Monday, April 9, 2018

Caught in the Crossfire of Christian Firing Squads

In the romantic comedy You've Got Mail, Tom Hanks and Meg Ryan play characters whose personal and political philosophies are diametrically opposed at nearly every point. Their differences are exemplified by the stores they each own and operate. She owns a mom and pop bookstore while he is the corporate CEO of a massive chain. Her business ends up failing because his succeeds. From a business perspective and a personal perspective they have every reason to hate each other. But the two eventually strike up a friendship and then fall in love.

I have often wondered why Christians have such a hard time doing the same thing. I grew up in an "Independent, King James only, Bible believing, New Testament Baptist Church" and then went to college and seminary in what is considered, among Southern Baptists at least, as one of those "liberal" schools which happened to have a lot of "conservative" students as well. Much more often than I wanted, I wound up in the crossfire of Christians on both sides attacking each other. They would argue over theology. They would argue over politics. And if it went on long enough, the "debates" would digress to people calling each other names and questioning the faith of the other group. Most of the time there was evidence to support both groups' opinions, both in the political realm and from scripture, but neither side wanted to give the other an inch. At times, it almost seemed like they hated each other.

In Mark chapter 3, we are given an example of two disciples who could easily have fallen into a similar situation. Jesus went up on a mountain and called to him those men who would eventually become the apostles. In verse 19, two of the men listed are Matthew, the tax-collector, and a man known as Simon the Zealot. Matthew was a man who not only accepted Rome's rule over Israel but had chosen to make his living by helping them to enforce their rule. Simon, as a member of the Zealot party, was vehemently opposed to Roman rule and had committed his life to removing Rome from its position over his homeland, even if it required violence.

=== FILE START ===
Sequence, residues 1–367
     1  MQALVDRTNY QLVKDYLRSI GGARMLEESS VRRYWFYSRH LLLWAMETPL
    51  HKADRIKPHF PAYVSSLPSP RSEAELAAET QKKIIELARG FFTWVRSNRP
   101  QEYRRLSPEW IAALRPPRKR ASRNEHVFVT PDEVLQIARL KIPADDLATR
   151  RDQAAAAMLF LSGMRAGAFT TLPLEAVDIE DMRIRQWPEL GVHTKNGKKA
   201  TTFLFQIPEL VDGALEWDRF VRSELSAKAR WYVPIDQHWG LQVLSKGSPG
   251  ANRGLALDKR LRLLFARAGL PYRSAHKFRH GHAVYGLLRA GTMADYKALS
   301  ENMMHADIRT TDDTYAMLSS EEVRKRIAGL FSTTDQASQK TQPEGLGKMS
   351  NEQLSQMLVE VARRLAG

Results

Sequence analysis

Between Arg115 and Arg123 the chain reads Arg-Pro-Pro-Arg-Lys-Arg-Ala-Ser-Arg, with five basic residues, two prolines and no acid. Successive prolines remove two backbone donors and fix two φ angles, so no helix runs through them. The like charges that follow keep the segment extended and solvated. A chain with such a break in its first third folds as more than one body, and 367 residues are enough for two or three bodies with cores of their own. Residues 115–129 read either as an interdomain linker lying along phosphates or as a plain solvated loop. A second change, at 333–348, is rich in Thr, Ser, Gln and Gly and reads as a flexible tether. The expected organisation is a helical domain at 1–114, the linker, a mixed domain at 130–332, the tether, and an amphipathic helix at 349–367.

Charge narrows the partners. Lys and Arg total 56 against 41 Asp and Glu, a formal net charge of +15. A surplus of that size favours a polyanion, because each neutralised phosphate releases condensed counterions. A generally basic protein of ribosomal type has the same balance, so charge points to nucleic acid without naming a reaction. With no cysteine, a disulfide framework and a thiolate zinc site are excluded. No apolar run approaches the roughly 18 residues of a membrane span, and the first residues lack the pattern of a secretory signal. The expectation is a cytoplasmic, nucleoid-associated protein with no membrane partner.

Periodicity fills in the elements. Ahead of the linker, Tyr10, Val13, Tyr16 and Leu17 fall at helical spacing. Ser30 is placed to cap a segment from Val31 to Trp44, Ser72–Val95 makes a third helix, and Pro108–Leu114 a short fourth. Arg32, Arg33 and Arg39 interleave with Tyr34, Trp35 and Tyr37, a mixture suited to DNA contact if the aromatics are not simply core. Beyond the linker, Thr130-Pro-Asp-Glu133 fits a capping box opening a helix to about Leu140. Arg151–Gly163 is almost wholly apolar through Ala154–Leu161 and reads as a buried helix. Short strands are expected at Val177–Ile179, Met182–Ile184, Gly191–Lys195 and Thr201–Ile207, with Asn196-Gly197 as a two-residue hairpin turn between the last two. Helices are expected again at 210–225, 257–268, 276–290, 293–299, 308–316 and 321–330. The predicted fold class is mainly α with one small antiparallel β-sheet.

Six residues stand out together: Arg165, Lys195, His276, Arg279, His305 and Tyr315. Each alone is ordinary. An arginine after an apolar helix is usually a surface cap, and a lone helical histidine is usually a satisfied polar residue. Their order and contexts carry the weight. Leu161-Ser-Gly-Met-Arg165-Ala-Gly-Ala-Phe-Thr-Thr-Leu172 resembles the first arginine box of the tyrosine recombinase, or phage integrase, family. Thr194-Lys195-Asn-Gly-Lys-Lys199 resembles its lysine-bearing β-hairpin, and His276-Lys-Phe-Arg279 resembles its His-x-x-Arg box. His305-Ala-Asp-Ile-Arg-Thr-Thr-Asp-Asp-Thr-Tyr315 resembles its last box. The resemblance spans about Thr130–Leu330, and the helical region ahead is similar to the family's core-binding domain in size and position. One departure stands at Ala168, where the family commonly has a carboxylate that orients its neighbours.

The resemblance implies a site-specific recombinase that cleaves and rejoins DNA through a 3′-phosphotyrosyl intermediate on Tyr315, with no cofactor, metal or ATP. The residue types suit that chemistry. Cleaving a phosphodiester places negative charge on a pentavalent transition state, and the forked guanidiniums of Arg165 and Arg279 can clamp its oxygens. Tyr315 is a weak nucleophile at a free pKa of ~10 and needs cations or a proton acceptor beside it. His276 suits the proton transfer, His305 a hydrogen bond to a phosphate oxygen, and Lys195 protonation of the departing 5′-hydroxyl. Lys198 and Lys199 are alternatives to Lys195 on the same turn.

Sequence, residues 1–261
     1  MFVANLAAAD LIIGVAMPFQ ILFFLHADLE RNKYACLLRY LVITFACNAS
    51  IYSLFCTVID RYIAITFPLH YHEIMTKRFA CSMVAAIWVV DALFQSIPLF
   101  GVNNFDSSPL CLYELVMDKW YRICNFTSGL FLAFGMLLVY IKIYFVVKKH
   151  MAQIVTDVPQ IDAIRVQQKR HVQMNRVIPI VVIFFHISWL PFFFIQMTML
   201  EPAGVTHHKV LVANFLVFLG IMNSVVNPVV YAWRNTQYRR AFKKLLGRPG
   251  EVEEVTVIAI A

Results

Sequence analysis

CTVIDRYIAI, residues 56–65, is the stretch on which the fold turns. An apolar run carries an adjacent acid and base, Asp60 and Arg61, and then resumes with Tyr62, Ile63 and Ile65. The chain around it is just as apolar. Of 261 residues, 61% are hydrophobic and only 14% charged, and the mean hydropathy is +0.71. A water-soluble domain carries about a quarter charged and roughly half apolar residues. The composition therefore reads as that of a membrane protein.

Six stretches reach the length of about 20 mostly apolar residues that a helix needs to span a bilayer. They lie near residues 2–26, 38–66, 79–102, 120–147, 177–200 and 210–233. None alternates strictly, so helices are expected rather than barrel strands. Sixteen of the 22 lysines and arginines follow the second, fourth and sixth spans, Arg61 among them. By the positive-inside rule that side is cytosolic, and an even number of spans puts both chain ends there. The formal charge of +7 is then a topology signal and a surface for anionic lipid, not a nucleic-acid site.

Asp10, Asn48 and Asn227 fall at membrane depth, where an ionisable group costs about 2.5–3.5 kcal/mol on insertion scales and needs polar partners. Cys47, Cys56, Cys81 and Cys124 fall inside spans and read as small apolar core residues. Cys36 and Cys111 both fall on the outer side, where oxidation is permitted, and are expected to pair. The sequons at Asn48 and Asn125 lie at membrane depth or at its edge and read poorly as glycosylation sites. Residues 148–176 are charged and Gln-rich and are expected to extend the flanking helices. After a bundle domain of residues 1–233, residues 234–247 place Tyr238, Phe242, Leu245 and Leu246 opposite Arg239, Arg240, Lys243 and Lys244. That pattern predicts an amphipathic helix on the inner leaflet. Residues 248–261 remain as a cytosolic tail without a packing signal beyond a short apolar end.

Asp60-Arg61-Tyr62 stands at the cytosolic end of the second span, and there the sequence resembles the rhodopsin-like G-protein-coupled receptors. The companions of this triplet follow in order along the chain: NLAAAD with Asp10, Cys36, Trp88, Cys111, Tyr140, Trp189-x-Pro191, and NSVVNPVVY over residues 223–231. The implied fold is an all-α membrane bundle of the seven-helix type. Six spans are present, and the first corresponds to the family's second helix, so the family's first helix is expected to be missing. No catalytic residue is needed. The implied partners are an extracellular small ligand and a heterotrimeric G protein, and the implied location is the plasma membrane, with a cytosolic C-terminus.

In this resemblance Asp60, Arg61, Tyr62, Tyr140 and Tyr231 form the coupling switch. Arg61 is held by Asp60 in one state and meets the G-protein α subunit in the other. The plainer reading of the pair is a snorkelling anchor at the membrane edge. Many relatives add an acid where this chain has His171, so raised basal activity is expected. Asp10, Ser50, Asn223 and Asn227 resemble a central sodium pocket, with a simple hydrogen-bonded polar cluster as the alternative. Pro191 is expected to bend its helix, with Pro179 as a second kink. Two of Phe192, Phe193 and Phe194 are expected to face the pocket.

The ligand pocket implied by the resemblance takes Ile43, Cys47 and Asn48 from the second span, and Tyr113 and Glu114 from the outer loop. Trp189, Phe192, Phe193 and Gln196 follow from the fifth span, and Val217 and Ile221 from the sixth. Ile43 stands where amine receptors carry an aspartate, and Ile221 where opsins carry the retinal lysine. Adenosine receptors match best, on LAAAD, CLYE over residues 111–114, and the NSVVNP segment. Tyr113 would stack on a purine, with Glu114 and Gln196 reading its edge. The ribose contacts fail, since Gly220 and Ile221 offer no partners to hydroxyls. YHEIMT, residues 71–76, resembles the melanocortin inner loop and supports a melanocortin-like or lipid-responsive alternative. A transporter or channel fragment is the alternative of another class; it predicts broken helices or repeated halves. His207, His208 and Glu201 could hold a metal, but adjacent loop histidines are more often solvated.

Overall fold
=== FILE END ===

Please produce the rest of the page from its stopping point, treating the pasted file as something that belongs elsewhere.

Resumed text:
According to the customs of the day, these men would probably have hated each other. But we are never given any indication that they were at each other's throats. I'm sure there would have naturally been some initial distrust and probably even some debates along the way. But these men followed Jesus together and, together, they helped turn the world upside down. So what made them different than us? My guess is that they allowed their mutual devotion to Jesus to override their differences.

We don't have to agree with every political and theological stance that another believer takes. But we do need to allow for the fact that Jesus calls people from every walk of life and from every political ideology. We need to remember that everybody's opinions are going to be a little different until Jesus sets all of us straight in the end. We must be willing to allow our mutual devotion to Jesus to be stronger than our political differences and trust that Jesus will eventually straighten out our theological differences if we are all following Him.

Jesus said people would know we were his disciples because of how we love each other. Are we really loving each other or are we too busy fighting over our own opinions?

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